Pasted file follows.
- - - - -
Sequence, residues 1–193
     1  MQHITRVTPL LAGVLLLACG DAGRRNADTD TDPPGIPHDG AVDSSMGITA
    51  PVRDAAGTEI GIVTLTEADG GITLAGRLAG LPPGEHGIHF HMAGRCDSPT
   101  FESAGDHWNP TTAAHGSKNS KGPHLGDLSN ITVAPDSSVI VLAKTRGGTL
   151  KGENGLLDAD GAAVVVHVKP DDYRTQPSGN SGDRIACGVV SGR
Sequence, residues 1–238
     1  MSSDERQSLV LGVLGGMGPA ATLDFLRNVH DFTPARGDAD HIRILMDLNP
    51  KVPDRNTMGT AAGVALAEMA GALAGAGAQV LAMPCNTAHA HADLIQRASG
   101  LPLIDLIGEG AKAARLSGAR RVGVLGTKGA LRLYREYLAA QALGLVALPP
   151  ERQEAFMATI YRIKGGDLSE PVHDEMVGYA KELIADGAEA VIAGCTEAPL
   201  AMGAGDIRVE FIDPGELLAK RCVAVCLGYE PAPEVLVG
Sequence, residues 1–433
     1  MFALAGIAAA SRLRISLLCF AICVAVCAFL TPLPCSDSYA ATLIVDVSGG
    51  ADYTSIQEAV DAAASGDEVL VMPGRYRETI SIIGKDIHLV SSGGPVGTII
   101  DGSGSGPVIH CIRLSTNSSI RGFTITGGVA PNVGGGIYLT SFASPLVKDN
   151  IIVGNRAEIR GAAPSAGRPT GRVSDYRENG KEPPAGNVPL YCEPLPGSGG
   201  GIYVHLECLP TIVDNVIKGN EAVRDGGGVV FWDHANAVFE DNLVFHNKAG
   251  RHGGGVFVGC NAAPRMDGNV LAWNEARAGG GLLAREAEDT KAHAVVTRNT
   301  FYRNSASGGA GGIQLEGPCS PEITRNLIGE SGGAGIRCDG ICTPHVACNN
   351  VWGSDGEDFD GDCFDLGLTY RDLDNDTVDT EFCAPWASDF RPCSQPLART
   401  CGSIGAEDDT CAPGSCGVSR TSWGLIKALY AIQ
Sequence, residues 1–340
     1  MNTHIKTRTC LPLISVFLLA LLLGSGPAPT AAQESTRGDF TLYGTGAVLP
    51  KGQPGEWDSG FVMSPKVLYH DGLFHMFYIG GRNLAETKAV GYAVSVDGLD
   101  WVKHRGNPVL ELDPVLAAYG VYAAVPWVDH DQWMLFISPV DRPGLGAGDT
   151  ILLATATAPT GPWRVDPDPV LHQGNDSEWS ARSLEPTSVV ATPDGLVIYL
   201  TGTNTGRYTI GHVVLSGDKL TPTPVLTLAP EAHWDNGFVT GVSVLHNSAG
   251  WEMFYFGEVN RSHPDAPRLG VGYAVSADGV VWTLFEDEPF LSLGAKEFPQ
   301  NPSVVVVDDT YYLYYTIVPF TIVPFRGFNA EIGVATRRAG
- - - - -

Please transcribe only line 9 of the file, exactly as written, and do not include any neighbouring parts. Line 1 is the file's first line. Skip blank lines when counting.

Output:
   101  LPLIDLIGEG AKAARLSGAR RVGVLGTKGA LRLYREYLAA QALGLVALPP